It’s been 20 years since 11-year-old Robert “Yummy” Sandifer was executed by members of his gang after being accused of murdering a teenage girl. The story of the violent end to the violent life of the diminutive sixth-grader made international headlines and helped fuel the idea of Chicago as a place where small children toted guns. And now, at least two sets of filmmakers are telling Yummy’s story.
Chicago-born actor Dusan Brown is portraying Yummy in “Chaining Day,” a film adapted from Sandifer’s true story. Brown’s brother Dante co-stars in the short film, debuting Thursday at the 20th annual Los Angeles Film Fest.
“I normally do comedy but this time I did drama. And I had to cry, but I did it,” says Brown, 12, who has appeared on “How I Met Your Mother” and is the voice lead for “Blaze and the Monster Machines” a new math- and physics-based cartoon coming this fall to Nickelodeon. “My dad actually took me by the tunnel where Yummy was killed. My dad also took me to the corner where Yummy shot the girl. It’s really sad to see a young kid get caught up in such violent and gory things. It hits you right in the heart.”
The 10-minute film was written by Detroit native and 2010 DePaul University grad Chris Bailey. It’s part of a larger program called Project Involve, a diversity fellowship for independent filmmakers. “I wanted to do something,” says Bailey, 26. “It’s not directly Robert’s story, but it’s inspired by his life, and I wanted to do something to also specifically address Chicago and the gang violence going on.”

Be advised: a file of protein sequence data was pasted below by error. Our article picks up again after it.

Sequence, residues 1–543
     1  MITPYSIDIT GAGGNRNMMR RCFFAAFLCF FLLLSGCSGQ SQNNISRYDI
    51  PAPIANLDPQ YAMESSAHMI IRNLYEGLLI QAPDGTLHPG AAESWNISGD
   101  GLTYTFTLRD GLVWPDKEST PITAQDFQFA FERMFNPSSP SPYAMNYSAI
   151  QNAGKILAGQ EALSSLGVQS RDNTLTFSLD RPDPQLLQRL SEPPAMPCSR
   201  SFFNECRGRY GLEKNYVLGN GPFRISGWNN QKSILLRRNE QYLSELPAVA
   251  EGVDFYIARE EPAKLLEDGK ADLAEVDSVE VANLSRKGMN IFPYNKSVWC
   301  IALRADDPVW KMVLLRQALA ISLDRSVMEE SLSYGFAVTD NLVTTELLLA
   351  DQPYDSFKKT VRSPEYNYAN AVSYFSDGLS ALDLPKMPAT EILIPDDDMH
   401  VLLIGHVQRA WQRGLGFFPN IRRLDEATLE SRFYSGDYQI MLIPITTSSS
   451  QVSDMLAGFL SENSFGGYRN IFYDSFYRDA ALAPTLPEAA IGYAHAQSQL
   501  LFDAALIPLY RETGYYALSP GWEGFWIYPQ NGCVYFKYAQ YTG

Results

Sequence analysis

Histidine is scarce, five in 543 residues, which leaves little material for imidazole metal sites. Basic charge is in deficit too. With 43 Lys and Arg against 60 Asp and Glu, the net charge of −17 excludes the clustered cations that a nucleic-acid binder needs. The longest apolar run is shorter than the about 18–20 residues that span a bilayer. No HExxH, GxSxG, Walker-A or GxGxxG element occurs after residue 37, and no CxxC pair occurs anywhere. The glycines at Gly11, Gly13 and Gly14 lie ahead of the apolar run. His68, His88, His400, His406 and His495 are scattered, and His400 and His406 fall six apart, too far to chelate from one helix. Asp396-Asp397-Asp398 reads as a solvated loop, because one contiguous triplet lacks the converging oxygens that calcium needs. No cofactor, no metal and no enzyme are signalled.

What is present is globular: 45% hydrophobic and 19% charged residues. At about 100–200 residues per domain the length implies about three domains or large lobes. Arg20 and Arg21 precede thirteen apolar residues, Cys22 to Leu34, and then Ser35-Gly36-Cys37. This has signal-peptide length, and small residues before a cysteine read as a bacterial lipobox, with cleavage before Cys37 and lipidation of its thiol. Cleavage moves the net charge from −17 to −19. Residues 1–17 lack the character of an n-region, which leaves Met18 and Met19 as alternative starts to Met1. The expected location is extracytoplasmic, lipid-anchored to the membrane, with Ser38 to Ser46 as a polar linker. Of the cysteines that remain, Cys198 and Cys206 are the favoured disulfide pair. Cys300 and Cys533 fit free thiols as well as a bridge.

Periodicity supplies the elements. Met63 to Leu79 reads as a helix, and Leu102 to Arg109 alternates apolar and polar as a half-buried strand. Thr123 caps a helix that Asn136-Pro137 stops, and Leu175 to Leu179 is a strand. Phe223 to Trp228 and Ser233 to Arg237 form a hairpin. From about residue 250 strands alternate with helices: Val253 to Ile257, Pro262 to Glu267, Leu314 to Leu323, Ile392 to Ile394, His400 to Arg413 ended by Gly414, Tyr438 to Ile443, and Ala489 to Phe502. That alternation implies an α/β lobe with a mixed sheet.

The point is not to glorify Yummy’s death, but to encourage people to contemplate how far we have, or have not, come.
“One of our goals is not to make another gang film but to humanize the story of a boy put in this situation who is conditioned to man up and not be an innocent child,” says producer Dominic Haxton, 27. “We decided to focus on the relationship between the boy and his older mentor, named Martel [in the film].”
Another filmmaker, Shaiking Mathis, told the Sun-Times in 2013 that was making a documentary about Yummy. The film ultimately released was not a true documentary, but a movie based upon his life. That film, available for a $12 download at Reelhouse.org, purports to also tell Sandifer’s story and features music by local rap artists.
Last year, Mathis told the Sun-Times, “The purpose for creating this particular project is to expose Chicago’s troubled youth to using media to tell a story and how to solve conflict without the use of violence.“
It’s a message that hit home for Brown’s mom Joyce, who is from the West Side and considered that her son is about the same age as the character he portrays. “How will the story be told in a manner where something good will come of it?” says Joyce Brown. ”That’s always our thing in choosing roles. We’re from Chicago, so that could very well have been my son. What message can we convey to let people know there is another option?”
Bailey hopes to raise enough interest to bring the film to a local festival such as the Black Harvest Film Festival. But even if that doesn’t work, he’d still like for locals to see it. “Since I went to school in Chicago I’ve had a few people reach out to me wanting more information about it,” he says. “ There’s a chance we could just have a screening even if it’s not in a festival.”